Despite some public fears, the new president of the organization representing most of Canada’s 361 biotech companies has no qualms about living in a biotech world.
In fact, Janet Lambert likens the industry today to the IT world of 20 years ago. “Now, we can’t live without our personal computer. How did we get along without it? And we will be saying the same thing about biotechnology,” said Lambert, who was in Calgary last week to meet with some of Alberta’s leaders in the field.
Twenty years ago, the public was suspicious of IT and spoke about it in terms of Big Brother, said Lambert in an interview. “There wasn’t an understanding of the uses, the benefits and the promise.”
In the same way, once the benefits of biotechnology become more real in the near future, the public will become less worried, she said.
“The things they (biotech firms) are doing are on the verge of improving our lives so dramatically,” she said, indicating the new products will speak for themselves.
Information and good communications will be key, she said.
“It’s up to associations like ours to get a science-based rather than emotional or fear-based message out.”
One of the problems the industry faces is disseminating information about itself because it is so varied, embracing medicine, food, environmental protection agents and aquaculture.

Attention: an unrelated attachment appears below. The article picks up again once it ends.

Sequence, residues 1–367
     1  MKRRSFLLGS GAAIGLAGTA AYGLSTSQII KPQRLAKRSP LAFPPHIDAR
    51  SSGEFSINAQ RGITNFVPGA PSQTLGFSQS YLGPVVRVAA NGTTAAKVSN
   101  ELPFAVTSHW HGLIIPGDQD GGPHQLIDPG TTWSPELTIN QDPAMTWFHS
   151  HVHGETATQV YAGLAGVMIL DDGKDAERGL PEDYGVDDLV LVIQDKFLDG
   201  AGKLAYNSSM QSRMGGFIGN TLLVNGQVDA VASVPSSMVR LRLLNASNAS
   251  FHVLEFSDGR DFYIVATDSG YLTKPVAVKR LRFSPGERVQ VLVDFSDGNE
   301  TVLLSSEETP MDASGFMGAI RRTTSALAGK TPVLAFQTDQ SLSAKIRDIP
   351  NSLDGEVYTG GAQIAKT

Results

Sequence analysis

Canada is second only to the U.S. in its biotech revenue (about $1.9 billion annually), number of companies and the number of people employed in the field. We surpass all European countries, including the U.K.
Alberta has about 10 per cent of the industry with 35 companies, 28 of which are in Edmonton and the rest in Calgary, says Myka Osinchuk of BioAlberta, which is affiliated with BIOTECanada.
It takes seven to 10 years for a product to go through the Canadian regulatory review process, during which time it meets the scrutiny of three government bodies — the Canadian Environmental Protection Agency, the Canadian Food Inspection Agency and Health Canada.
BioAlberta said that in this province by 2005 it will employ 2,500 people and be making $500 million in sales, with an estimated 10-per-cent annual growth.